First vinyl release from Domestic Exile. "For those who are already familiar with Grim Lusk’s varied recording projects, established elements are further developed as sublimely demonstrated on the sample and loop based ‘Search’, a dub / lo-fi hip-hop excursion that shuffles and shimmers before becoming more narcotically lysergic. Free from constraints, we transcend into ‘It’s My Nature’, as all of that serotonin depletion is suddenly transformed into nutritional sustenance. A gleaming, hallucinogenic, hypnotic collage of exotic rhythmic disco percussion patterns which blossom and take flight to the sky above like the wildlife on the front sleeve with uninhabited adventure and freedom; a luscious, evocative, beguiling anomaly. ‘Sea Club-Rush’ develops the experimental shape shifting, with a dense, sludgy quagmire of oddball techno discombobulations, before the record submerges into the deepest of voids, a k-hole induced sense of purposeful confusion and disorientation.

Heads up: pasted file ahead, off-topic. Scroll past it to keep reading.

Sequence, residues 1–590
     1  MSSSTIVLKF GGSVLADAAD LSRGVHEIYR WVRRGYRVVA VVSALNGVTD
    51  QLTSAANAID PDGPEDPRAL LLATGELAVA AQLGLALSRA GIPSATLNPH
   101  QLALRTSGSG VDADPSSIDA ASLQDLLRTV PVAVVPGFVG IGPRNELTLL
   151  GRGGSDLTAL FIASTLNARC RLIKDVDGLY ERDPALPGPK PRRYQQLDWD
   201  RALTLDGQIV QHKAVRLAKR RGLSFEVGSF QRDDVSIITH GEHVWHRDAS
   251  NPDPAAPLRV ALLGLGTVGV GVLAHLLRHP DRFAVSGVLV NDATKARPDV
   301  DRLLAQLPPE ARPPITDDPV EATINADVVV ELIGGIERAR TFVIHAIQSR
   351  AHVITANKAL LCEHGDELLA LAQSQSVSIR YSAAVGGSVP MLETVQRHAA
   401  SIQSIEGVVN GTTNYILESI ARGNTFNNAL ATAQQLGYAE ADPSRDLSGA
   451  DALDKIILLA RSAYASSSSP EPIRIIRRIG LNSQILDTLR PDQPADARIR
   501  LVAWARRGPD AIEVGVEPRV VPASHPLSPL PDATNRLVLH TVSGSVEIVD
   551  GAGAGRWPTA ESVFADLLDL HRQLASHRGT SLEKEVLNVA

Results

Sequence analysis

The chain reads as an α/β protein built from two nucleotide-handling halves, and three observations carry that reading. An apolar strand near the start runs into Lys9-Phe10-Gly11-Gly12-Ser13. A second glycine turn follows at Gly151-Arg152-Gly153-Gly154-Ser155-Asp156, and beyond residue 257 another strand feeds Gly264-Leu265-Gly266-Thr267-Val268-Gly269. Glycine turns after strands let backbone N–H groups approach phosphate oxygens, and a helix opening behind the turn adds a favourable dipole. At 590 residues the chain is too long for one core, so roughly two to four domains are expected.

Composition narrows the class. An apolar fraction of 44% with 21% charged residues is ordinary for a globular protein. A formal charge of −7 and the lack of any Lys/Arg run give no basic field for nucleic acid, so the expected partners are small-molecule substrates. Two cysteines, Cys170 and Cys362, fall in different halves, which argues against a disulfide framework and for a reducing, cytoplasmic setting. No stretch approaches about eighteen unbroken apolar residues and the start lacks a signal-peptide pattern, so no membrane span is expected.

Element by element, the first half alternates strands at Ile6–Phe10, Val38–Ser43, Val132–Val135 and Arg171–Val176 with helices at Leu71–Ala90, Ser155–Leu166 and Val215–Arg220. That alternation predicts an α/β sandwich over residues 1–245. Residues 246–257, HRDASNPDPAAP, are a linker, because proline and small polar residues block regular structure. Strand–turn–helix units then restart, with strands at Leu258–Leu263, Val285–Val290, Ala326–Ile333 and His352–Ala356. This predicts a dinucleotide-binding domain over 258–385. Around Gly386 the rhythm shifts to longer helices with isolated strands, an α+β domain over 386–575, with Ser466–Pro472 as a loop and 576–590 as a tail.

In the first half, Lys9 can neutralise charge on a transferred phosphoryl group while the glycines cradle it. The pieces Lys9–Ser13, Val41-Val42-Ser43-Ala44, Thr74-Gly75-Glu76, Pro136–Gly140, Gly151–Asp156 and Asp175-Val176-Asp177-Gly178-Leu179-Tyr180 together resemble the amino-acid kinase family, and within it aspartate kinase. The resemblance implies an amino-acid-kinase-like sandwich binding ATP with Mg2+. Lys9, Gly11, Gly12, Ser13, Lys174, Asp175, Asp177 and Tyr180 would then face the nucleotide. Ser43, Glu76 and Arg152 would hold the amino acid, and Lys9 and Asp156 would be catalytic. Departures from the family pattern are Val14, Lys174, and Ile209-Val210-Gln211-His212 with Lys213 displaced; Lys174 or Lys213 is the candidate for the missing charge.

"Depressurized as if drifting in the mysterious vacuum of space whilst subtle layers of distorted bass prod at you to keep you afloat, ‘It’s Happening’ utilises a descending Risset glissando to leave you barely clinging on to reality, almost as if you are experiencing an astral projection but trapped within a detached nightmare that you can’t escape. ‘Yes He Did’ has an infectious and killer bouncing boogie bass guitar spread over alopsided beat which never quite settles; weaving in and out further bewitching your mind. The record culminates in the downtempo ‘Laces’, pulling you into the all-consuming squelch and pressure of the suction below; a claustrophobic suffocation that intensely builds up suspense, squeezing and melting as it develops. Reminiscent of Sherwood’s exceptional technique of incisively slicing, cutting and pasting manipulated dub / industrial percussion, ‘Laces’ works equally well at 45rpm.
In its fullness, the sounds presented on ‘SUNP0101’ are an intoxicating slip down a neon-lined chute into eternal dance floor darkness. Immaculate sleeve artwork by Australian-born, London-based designer Brodie Kaman." - Domestic Exile